Documents to download

In March 2021, Syria marked ten years of civil war. The conflict, which began with protests against President Bashar al-Assad’s regime, is likely to result in him remaining in power, according to observers.

The humanitarian and economic costs of the war have been high. The UN estimates that a minimum of 350,000 people have been killed since 2011. Half the population remain displaced from their homes. In 2019, the regime put the costs of reconstruction as US$ 400 billion.

In May 2021, Assad won a fourth term in office in elections considered by the UK to be neither free nor fair. The UK, US and the EU continue to argue for peace negotiations and for the regime to be held accountable for its human rights abuses and non-compliance with chemical weapons conventions.

However, since 2018 there has been rapprochement between Arab states and Assad. This, coupled with support from Iran and Russia, may undermine incentives for the regime to participate in any UN-led negotiations for peace.

This briefing describes the position of Syrian and foreign forces in the country, the growing engagement between several Arab states and Assad, debates on sanctions and how additional pressure may be put on the regime, and the lack of progress with peace talks.  

Assad’s strengthened position

Chatham House estimates that Assad controls around 65 to 70% of Syria. The military conflict has largely stalemated; fighting in 2021 has centred on the south of the country and Islamic State has lost most of its territory.

Kurdish forces control substantial areas in north eastern Syria, where around 900 US troops are also based to support them and combat Islamic State. Armed opposition groups, including the Hay’at Tahrir al-Sham group, linked to Al-Qaeda, control areas around Idlib in the north west.

North eastern Syria is considered the most likely area to have high-level conflict soon. Increased Turkish military activity has been reported in the area by the press, leading to suggestions that it may act against Kurdish forces.

Continuing presence of Turkey, Russia, and Iran

Assad remains dependent on the backing of Russia and Iran. Both seek to gain from the reconstruction of Syria, and to ensure they have a reliable ally in the region—either in the form of Assad (Russia) or the local militia forces it has raised and funded (Iran).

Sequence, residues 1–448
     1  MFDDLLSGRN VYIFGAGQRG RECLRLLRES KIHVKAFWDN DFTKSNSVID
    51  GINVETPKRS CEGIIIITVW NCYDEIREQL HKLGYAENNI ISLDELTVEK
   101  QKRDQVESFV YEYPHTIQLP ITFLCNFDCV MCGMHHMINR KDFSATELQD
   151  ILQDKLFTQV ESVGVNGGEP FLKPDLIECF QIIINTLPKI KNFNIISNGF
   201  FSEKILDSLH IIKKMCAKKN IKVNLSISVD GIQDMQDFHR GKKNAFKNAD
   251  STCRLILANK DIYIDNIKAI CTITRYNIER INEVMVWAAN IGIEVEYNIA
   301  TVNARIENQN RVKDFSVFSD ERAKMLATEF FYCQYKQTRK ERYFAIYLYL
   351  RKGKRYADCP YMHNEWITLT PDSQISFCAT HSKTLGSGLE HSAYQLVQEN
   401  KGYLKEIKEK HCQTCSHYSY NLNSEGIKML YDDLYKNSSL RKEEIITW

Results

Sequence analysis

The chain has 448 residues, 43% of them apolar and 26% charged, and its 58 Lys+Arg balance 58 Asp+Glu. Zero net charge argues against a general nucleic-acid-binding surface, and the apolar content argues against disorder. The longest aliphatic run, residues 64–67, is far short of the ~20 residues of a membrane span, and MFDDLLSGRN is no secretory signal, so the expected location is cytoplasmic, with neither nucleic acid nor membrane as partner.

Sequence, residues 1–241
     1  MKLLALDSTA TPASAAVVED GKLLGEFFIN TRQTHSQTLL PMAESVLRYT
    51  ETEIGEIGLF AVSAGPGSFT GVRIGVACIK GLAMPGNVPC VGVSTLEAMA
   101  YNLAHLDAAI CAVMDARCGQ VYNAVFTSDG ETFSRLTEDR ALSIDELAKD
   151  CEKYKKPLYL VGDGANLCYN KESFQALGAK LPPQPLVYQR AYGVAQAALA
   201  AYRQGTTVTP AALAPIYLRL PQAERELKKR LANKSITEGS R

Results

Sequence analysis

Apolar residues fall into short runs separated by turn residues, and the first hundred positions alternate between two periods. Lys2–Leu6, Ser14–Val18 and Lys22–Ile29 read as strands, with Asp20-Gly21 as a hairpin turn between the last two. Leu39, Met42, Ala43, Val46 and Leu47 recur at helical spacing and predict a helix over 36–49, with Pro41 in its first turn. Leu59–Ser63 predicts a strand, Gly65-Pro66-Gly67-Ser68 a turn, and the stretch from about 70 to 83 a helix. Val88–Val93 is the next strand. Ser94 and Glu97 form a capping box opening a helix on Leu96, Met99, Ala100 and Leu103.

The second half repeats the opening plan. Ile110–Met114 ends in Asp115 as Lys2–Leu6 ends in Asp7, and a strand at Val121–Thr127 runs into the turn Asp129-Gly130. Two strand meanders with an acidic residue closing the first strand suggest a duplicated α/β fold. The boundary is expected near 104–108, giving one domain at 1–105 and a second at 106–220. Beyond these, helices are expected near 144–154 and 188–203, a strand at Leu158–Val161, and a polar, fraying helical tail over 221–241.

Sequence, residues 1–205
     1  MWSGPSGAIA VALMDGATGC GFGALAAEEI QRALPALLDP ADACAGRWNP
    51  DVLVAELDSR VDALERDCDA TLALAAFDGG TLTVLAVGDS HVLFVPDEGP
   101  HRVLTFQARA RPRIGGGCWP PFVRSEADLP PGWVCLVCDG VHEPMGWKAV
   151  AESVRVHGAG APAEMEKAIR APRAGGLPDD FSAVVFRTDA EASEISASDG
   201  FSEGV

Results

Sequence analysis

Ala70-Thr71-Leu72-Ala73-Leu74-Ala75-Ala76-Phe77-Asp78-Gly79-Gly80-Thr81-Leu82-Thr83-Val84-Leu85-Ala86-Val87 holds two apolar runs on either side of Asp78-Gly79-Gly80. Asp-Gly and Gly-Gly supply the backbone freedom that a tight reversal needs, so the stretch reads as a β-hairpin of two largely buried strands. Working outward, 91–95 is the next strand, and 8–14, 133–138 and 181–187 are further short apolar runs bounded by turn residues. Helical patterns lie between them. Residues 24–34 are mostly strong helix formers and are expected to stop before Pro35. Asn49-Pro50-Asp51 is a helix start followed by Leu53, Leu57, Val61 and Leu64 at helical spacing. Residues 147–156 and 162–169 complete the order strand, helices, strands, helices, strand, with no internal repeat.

Turkey maintains troops in north Syria. It is seeking a settlement which reduces the power of Syria’s Kurdish minority. This is a potential point of contention with the US, which backs the Kurdish-led Syrian democratic forces.  

Ending a “forever war?”: US engagement in Syria

Following the withdrawal of US and coalition troops from Afghanistan in August 2021, Chatham House analysis has suggested US engagement in Syria may also be drawn down.

In October 2021, it was reported that any withdrawal will not take place until Islamic State is defeated. No official statement has been made.

Repairing relations between Arab states and Syria

In the initial years of conflict, many Arab states backed the Syrian opposition. Since 2018, several states have sought to recover relations with Assad.

This has been motivated by several factors, including the likelihood he will remain in power, to reduce the influence of Iran and Turkey, and a desire to participate in the economic gains of reconstruction.

Continued opposition to Assad by the US, UK, and EU

In 2021, the US, UK and the EU reiterated their support for an UN-led peace process for the country. However, some analysts suggest the US may not spend diplomatic capital on opposing regional reconciliation.

Applying pressure through sanctions

Sanctions put in place by the US, UK and EU are likely to continue. The sanctions primarily relate to oil and products that could have military uses and include exemptions for humanitarian aid and medicines.

A 2020 report, published by the UN Economic and Social Commission for Western Asia, argued that while sanctions were not the “drivers of destruction, they are barriers to the recovery” through hindering access to external funding. The UK Government says it remains committed to the principle of “do no harm” with its Syria sanctions, which it says targets individuals and groups who have profited from the conflict.

Limited prospects for peace

The UN-led Geneva peace process, based on UN Resolution 2254 (2015), seeks to negotiate a new Syrian constitution and arrange for free and fair elections.

These talks have been partly undermined by the Astana Talks, held between Russia, Turkey, and Iran, and potentially also by the growing reengagement between Arab states and Assad. Russian-led talks in Sochi in 2018, however, did result in the formation of a group to negotiate a new constitution under the UN resolution.

The first talks were held in 2019. The most recent, held in October 2021, quickly collapsed.

Documents to download

Related posts